Study of MWCNT / SnO2/Ru thick-film sensors for detecting the presence of certain harmful gases in air

Z. N. Adamyan, A. G. Sayunts, E. A. Khachaturyan, V. M. Aroutiounian
2021 Armenian Journal of Physics  
Thick-film VOCs sensors based on ruthenated multi-walled carbon nanotubes coated with tin-dioxide nanoparticles (MWCNTs/SnO2) nanocomposite structures are prepared using three methods: hydrothermal synthesis, sol–gel technique and their combined method. It is shown that the optimal conditions for applications as acetone and toluene as well as ethanol and methanol vapors sensors in view of high response and selectivity relative to each other depend on choice of material synthesis method, mass
more » ... sis method, mass ratio of the nanocomposite components and selected operating temperature. Selective sensitivity to acetone and toluene vapors at 150oC operating temperature MWCNTs/SnO2 are shown sensor structures with the mass ratio of the components 1:4 and 1:24, respectively. The samples with 1:200 mass ratio of the nanocomposite components are shown the selective response to acetone vapor exposure in the range of 200-250oC operating temperatures. The high sensitivity to ethanol and methanol vapors at 200oC operating temperature was revealed for the sensor structures made by different methods with the 1:8, 1:24, 1:50 and 1:66 ratios of the components, respectively. The results of research works related to the study of thick-film multiwall carbon nanotube– tin oxide nanocomposite sensors of propylene glycol (PG), dimethylformamide (DMF) and formaldehyde (FA) vapors are also presented in this paper. Investigations of response–recovery characteristics in the 50–300oC operating temperature range reveal that the optimal operating temperature for PG, DMF and FA vapor sensors, taking into account both high response and acceptable response and recovery times are about 200 and 220oC, respectively. The dependence of the sensor response on gas concentration is linear in all cases. Minimal propylene glycol, dimethylformamide and formaldehyde gas concentrations, where the perceptible signal was noticed, were 13, 5 and 115 ppm, respectively.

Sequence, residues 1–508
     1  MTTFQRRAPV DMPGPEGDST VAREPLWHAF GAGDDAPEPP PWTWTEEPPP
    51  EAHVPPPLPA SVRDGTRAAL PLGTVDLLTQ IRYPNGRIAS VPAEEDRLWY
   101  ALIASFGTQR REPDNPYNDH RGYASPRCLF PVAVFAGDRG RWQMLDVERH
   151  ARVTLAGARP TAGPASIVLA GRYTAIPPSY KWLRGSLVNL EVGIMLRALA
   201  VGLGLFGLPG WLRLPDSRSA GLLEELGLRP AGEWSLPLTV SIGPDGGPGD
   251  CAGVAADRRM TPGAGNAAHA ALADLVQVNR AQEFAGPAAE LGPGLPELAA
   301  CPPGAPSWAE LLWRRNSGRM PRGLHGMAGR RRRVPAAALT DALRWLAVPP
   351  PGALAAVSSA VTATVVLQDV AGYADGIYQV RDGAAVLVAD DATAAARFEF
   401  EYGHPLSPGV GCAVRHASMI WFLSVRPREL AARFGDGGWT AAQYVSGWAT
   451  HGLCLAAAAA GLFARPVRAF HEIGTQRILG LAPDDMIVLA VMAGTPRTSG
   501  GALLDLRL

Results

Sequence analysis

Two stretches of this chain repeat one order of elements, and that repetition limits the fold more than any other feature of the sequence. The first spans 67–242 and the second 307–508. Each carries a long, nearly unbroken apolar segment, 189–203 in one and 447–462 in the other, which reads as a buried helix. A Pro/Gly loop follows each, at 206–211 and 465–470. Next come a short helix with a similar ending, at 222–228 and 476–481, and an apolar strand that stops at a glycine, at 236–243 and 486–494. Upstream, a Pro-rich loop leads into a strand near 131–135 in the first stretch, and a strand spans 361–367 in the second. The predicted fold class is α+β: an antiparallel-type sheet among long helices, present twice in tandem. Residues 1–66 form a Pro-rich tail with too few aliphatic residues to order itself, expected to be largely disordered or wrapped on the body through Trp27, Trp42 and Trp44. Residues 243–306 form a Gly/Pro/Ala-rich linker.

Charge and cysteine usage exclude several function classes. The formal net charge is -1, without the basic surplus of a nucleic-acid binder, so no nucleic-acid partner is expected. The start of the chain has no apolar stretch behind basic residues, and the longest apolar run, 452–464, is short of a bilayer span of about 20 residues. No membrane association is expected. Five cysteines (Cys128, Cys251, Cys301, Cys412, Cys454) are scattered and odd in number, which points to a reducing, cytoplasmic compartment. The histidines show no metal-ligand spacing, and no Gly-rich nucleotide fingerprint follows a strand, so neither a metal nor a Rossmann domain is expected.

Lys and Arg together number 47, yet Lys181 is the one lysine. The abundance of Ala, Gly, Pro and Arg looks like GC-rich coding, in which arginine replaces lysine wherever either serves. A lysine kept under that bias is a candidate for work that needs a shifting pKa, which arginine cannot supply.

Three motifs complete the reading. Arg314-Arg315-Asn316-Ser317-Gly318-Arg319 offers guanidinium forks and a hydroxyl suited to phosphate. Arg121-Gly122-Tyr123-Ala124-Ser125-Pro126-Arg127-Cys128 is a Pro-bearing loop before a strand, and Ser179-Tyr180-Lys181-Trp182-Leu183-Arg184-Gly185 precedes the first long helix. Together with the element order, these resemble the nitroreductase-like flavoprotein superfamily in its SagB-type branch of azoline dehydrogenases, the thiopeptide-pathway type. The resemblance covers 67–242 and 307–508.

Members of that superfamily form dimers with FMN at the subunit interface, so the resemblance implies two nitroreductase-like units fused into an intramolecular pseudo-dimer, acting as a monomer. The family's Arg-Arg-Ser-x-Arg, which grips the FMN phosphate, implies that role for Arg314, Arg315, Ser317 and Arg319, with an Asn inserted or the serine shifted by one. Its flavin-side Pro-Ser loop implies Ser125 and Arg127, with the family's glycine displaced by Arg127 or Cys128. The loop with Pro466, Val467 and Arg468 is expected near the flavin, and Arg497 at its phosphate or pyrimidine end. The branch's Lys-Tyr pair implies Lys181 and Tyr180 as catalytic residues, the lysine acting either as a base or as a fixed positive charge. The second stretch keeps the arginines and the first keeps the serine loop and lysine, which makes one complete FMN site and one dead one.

doi:10.52853/18291171-2021.14.1-49 fatcat:ql7kdyn3cbgethhnydxcfn4i6m